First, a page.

“The NYPD is weaponizing Tessa Major’s murder to attack reductions in marijuana enforcement & the prospect of legalization. Never fails. They use every tragedy to push their cynical agenda of more criminalization & greater harshness,” public defender Scott Hechinger wrote Sunday night.
“The fear mongering argument also makes no sense. Assuming it’s even true that she was trying to buy marijuana in a park when killed, legalization would have prevented the need to go to a park,” he added. “She would have been able to buy from a licensed dispensary. With surveillance footage.”
At a vigil near the murder scene in Morningside Park on Sunday night, mourners demanded that politics take a back seat to Major’s memory.
“Don’t make it political!” several people yelled, as City Councilman Ydanis Rodriguez spoke about how the Columbia University campus — which is shared by Barnard College students — was surrounded by poverty.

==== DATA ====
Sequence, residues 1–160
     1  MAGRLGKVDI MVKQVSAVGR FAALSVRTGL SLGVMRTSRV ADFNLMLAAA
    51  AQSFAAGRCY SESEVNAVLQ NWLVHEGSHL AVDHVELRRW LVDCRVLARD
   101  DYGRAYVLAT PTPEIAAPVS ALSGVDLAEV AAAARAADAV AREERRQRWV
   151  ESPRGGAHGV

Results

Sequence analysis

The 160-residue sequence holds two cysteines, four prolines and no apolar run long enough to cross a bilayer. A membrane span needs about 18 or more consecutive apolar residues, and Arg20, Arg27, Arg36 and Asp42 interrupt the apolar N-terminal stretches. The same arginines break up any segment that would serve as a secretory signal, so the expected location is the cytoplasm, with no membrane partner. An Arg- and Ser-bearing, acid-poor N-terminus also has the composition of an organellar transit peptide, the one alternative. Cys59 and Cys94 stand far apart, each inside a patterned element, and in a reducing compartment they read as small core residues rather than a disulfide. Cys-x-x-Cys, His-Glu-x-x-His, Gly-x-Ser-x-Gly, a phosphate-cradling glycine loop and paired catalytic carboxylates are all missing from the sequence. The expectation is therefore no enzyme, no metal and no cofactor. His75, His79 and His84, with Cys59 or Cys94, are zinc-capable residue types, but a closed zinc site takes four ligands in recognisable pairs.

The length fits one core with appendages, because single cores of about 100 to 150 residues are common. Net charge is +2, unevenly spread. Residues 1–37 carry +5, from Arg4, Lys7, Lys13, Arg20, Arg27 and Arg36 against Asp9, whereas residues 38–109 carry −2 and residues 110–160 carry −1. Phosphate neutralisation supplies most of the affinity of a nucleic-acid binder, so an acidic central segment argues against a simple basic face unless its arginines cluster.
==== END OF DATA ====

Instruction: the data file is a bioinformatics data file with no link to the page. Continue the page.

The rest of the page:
“There’s a 13-year-old who is thinking about killing someone. How? How someone reach that age and having those thoughts? We have failed. We have to turn responsibility,” Rodriguez said, drawing cries of “No political values!” and “This is a vigil!”
State Sen. Brian Benjamin took the microphone from Rodriguez as the shouts continued. “This was about acknowledging Tess, so we apologize,” Benjamin said. “We will stay on message. We will stay on message.”
Barnard graduate Darcy Cassidy, 26, who joined the nearly 500 people in attendance, said the vigil needed to be about more than politics.
“I would also like for there to be room for just grieving,” Cassidy said. “I think there should be space for both — for thinking about how we’ve created as a city circumstances where kids — where young children are so desperate that they resort to violence.”